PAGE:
7 Benefits of AA Meetings For People with Addictions

The journey of becoming free from substance abuse problems is a long one, and, often, people will have many different ways of overcoming this problem. Winning the battle of substance addiction is not a battle to face alone. A few people manage to find their strength with the support of their families and friends. Most people go through rehabilitation and treatment programs because addiction is a disease. However, whether you are facing it with family and friends or professional treatment, there’s support groups to guide individuals through the many steps that are needed to start living a sober life. In that regard, alcoholics anonymous meetings can also play an important role in the lives of people who are struggling with substance abuse problems. 

Much like a medical rehabilitation program, alcoholics anonymous meetings also follow steps that are also known as the 12 steps of Alcoholics Anonymous to guide people to living a sober life. Though these meetings are known as “alcoholic anonymous meetings”, they are not exclusively for people who have alcohol problems. Many meetings are open and welcome people from all walks of life — this means that even people who are struggling with a drug addiction can gain something from attending AA meetings. These 7 benefits are detailed below:

  1. There is a welcoming community

Many people who attend AA meetings are either dealing with their own struggles of some kind of substance abuse or have a loved one that is doing so. If there is one way that people can connect, it is through sharing the same or similar experiences. Many of the withdrawal symptoms that a recovering alcoholic experience is very similar to those that a recovering addict goes through. After having a sit-down, it is very possible that a recovering addict can find a sense of community with AA meetings.

  1. It provides life direction

All of the AA meetings follow a set of guidelines called the 12 steps of AA. Each step is a different aspect and stage in the process of getting sober. Following these steps gives life direction and something to aim toward. This makes it easier to break free of substance abuse problems.

  1. It is a good source of information

There are different kinds of AA meetings, some can be open lectures that focus on the 12 traditions of Alcoholics Anonymous, or some can simply be discussions where participants can choose to share their experiences and stories about getting sober. Whatever the case may be, it’s always a great opportunity to gain new information from people that have gone through similar experiences.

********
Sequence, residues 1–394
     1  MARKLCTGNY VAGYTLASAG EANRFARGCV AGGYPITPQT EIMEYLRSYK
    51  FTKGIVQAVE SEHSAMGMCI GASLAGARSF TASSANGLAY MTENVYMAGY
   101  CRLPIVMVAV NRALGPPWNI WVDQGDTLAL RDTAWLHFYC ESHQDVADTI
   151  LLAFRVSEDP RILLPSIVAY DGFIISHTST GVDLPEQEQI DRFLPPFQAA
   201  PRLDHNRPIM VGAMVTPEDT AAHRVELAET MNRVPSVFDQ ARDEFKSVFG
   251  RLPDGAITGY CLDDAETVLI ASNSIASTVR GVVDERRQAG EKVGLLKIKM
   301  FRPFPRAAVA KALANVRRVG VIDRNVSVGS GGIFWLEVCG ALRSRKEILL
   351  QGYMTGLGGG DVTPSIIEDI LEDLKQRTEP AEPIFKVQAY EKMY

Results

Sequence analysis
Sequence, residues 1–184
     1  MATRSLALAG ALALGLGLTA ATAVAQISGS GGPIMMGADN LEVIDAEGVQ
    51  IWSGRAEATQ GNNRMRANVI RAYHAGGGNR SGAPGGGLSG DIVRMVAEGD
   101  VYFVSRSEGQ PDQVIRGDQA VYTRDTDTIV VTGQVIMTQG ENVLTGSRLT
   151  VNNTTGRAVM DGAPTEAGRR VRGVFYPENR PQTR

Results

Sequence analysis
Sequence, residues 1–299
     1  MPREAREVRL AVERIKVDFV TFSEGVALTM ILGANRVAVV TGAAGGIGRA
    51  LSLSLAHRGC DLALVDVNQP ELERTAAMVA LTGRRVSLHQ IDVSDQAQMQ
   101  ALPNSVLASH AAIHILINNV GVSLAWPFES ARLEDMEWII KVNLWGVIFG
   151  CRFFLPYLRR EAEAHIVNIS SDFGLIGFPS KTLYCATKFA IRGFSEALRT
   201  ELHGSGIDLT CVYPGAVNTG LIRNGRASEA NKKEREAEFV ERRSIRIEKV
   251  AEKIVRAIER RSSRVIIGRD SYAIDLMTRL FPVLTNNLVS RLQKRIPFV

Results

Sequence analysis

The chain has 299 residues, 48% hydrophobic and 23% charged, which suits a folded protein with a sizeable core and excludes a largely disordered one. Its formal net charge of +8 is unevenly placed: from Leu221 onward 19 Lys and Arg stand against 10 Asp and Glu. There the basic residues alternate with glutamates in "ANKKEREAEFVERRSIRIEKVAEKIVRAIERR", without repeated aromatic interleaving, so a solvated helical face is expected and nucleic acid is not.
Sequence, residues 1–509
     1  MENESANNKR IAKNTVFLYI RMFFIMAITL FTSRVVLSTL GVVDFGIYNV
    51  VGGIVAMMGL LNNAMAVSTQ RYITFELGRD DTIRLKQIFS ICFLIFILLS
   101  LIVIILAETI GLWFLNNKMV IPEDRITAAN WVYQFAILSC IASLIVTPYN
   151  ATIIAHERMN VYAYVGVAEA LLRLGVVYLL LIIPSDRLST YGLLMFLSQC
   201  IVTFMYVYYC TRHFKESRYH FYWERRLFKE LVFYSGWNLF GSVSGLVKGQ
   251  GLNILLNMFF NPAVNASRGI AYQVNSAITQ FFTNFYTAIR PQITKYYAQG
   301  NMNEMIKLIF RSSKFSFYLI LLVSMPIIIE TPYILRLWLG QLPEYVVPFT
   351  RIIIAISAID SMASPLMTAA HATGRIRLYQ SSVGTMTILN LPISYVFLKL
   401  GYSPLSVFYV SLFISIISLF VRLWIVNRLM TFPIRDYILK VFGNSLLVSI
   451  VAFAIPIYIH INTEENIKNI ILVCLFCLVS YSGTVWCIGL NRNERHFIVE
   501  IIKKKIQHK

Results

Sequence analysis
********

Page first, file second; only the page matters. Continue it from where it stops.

1. It’s free to try

One of the benefits that AA meetings have to offer versus traditional rehabilitation programs is that there is no cost to attending these gatherings other than giving it some time. If AA meetings just don’t happen to work out, it’s a good thing that there was no money involved, and it’s a big possibility that some alternative perspectives and views could have been gained from the experience.

  1. It is a safe space 

The name itself, “Alcoholics Anonymous meetings”, should already show one of the most important aspects of these meetings: it is anonymous. Whatever happens, whoever attends, and whatever experiences are shared stays within the circle. Coupled with the fact that most of the people who go to an AA meeting every week want the same thing of living a sober life, this anonymity creates a safe space for people going through substance abuse problems.

  1. Motivation is Infectious

If there’s one thing about community that you can’t deny, it’s probably the fact that people are often heavily affected by the moods and attitudes of the people around them. If people have a positive and uplifting attitude, it can motivate the people around them. However, if people show a negative attitude all the time then it tends to bring everyone down. One of the core tenants in the 12 traditions of AA is that the only requirement for membership is to stay sober. As long as everyone can focus on that goal, it is very possible that each person can lift up the other.

  1. It gives you a goal

As mentioned in the last step, the only requirement to be in Alcoholics Anonymous is to stay sober. For somebody with a substance abuse problem, it also means staying sober from drugs. Having something to aim for in a life filled with uncertainties is a priceless treasure. As long as you aim to stay sober, you definitely can. Once you have stayed sober for a while, you can also use the sobriety calculator to look back on your progress.